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Load Capacitor Calculation for Oscilators
When using microprocessors, you will use most of the time an external oscilator to provide the clockspeed of the processor.
This page assumes you are using quartz crystals in "parallel resonance"-mode and not another kind of resonator like a ceramic resonator or other kind of oscilator setup. (This page covers about 99.9% of all hobby-projects.)
Besides the quartz crystal of the chosen frequency, you will also need so-called "load capacitors" in order to have a functioning clocksignal.
Resonator or Oscilator?
Let's start by confusing you: What most people call an oscilator is most of the time actually a resonator.
A resonator needs 2 load capacitors in order to make it oscilate. This combination of 2 capacitors and 1 resonator is called an oscilator and connects to the oscilator pins of your microprocessor.
An actual oscilator has all these required components into one housing.
To know the difference:
- A resonator has only 2 pins.
- A oscilator has 3 or 4 pins.
Most of the time you will be using resonators.
The crystal inside the resonator doesn't really vibrate at the exact specified frequency. It can even vibrate in different directions at the same time! Because all these vibrations have different frequencies, and there is this thing called "harmonics", we need to filter out the frequencies we don't want or our processor will not work as intended.
Luckely for us, a capacitor (and/or inductors) makes a good frequency filter. The "load capacitors" used with the crystal actually attenuate the unwanted frequencies, and let the "right" frequency pass through.
Calculation of capacitance
Every resonator has a capacitance of its own. This is most of the time mentioned on the crystal, together with its frequency. This is the crystal's own "load" capacitance. We call this CCrystal.
Furthermore, the PCB traces (or wires on a breadboard) and microprocessor pins also have a specific capacitance. You can measure it, but that would be overkill in "hobby" projects. You can safely assume this "stray" capacitance (CStray) is between 2pF and 5pF. (Near 2pF for PCBs with a recommended layout, near 5pF for breadboards. Badly designed PCBs can have an even higher stray capacitance.)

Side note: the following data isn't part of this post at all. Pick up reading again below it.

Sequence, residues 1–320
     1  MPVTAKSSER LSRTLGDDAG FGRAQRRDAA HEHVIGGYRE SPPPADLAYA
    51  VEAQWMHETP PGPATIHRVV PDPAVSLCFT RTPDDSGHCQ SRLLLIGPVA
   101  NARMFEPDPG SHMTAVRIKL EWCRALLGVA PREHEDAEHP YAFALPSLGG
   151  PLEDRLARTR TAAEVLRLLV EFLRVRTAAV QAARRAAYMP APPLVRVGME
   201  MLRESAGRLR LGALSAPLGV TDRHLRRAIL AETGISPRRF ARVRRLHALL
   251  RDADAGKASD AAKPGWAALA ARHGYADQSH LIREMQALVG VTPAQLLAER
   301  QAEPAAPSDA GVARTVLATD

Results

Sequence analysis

(Please note: The stray capacitance will vary with frequency, so if you measure it, it best to measure it at the intended frequency.)
In a parallel resonant oscilator circuit, the following holds true:
Because we will keep C1 and C2 the same, we can transform this formula to something much simpler:
So, depending on the capacitance of the resonator, you can now calculate what capacitors you should use!
Recomended PCB layout
Always consult the datasheet of your microprocessor!!!
You will find something like this with alongside some text describing the limitations and other important bits.
Is the capacitance value critical?
If you want a working oscilator circuit: No, it is not critical.
Choose something in the neighbourhood. It will not be perfect, but good enough.
If you want to do calculations based on oscilator clock: Yes, because the value of the external load capacitors will change the frequency of the resonator.
You can mitigate this requirement by buying an "oscilator" instead of a resonator, but an oscilator tuned exactly to a specific frequency will cost you some money. You can also use a variable capacitor to tune the oscilator to a very specific frequency. (For RF circuits.)
For time-critical applications, most of the time the circuit is just built and afterwards the processor speed measured against an external, known, timesource.
The software is built with a "tuning"-variable to compensate for any difference in clock frequency.
Another possibility is writing auto-syncing software, ex: by using the 50Hz from the electricity network as a timebase. (Mostly used with dimmer circuits.)
If the value of the external load capacitors is way off, your oscilator will not "tick" or the microprocessor will behave erratically.
What kind of capacitors should I use?
Do not use electrolytic capacitors, they will not work.
Always use ceramic capacitors in an oscilator circuit.
This sounds really fun, I want to know it all!
Good starting points to quench your thrist for knowledge are:
Actually this wasn't a "frequently asked question"... ;-)